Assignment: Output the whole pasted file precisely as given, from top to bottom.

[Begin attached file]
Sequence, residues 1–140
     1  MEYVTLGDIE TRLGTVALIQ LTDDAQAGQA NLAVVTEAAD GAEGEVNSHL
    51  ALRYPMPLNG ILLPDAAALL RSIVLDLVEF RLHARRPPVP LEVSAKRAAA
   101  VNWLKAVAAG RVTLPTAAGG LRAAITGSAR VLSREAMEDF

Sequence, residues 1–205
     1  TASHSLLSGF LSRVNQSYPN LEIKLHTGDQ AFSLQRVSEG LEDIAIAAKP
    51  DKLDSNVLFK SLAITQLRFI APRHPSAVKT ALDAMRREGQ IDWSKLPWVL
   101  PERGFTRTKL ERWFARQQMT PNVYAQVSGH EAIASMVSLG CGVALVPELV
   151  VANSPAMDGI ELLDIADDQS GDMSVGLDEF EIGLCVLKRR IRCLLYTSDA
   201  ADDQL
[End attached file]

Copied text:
Sequence, residues 1–140
     1  MEYVTLGDIE TRLGTVALIQ LTDDAQAGQA NLAVVTEAAD GAEGEVNSHL
    51  ALRYPMPLNG ILLPDAAALL RSIVLDLVEF RLHARRPPVP LEVSAKRAAA
   101  VNWLKAVAAG RVTLPTAAGG LRAAITGSAR VLSREAMEDF

Sequence, residues 1–205
     1  TASHSLLSGF LSRVNQSYPN LEIKLHTGDQ AFSLQRVSEG LEDIAIAAKP
    51  DKLDSNVLFK SLAITQLRFI APRHPSAVKT ALDAMRREGQ IDWSKLPWVL
   101  PERGFTRTKL ERWFARQQMT PNVYAQVSGH EAIASMVSLG CGVALVPELV
   151  VANSPAMDGI ELLDIADDQS GDMSVGLDEF EIGLCVLKRR IRCLLYTSDA
   201  ADDQL